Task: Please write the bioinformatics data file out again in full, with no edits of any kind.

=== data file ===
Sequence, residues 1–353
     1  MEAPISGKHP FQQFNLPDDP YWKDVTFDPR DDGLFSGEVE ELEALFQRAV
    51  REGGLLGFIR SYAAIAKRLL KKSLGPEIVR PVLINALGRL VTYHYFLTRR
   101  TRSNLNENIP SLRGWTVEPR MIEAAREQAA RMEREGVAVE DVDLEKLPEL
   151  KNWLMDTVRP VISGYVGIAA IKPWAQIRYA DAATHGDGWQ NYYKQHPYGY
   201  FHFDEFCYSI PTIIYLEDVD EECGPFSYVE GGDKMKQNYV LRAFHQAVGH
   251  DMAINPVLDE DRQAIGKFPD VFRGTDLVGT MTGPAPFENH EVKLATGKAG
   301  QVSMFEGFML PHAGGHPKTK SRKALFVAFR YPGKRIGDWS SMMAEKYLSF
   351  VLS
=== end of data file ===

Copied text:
Sequence, residues 1–353
     1  MEAPISGKHP FQQFNLPDDP YWKDVTFDPR DDGLFSGEVE ELEALFQRAV
    51  REGGLLGFIR SYAAIAKRLL KKSLGPEIVR PVLINALGRL VTYHYFLTRR
   101  TRSNLNENIP SLRGWTVEPR MIEAAREQAA RMEREGVAVE DVDLEKLPEL
   151  KNWLMDTVRP VISGYVGIAA IKPWAQIRYA DAATHGDGWQ NYYKQHPYGY
   201  FHFDEFCYSI PTIIYLEDVD EECGPFSYVE GGDKMKQNYV LRAFHQAVGH
   251  DMAINPVLDE DRQAIGKFPD VFRGTDLVGT MTGPAPFENH EVKLATGKAG
   301  QVSMFEGFML PHAGGHPKTK SRKALFVAFR YPGKRIGDWS SMMAEKYLSF
   351  VLS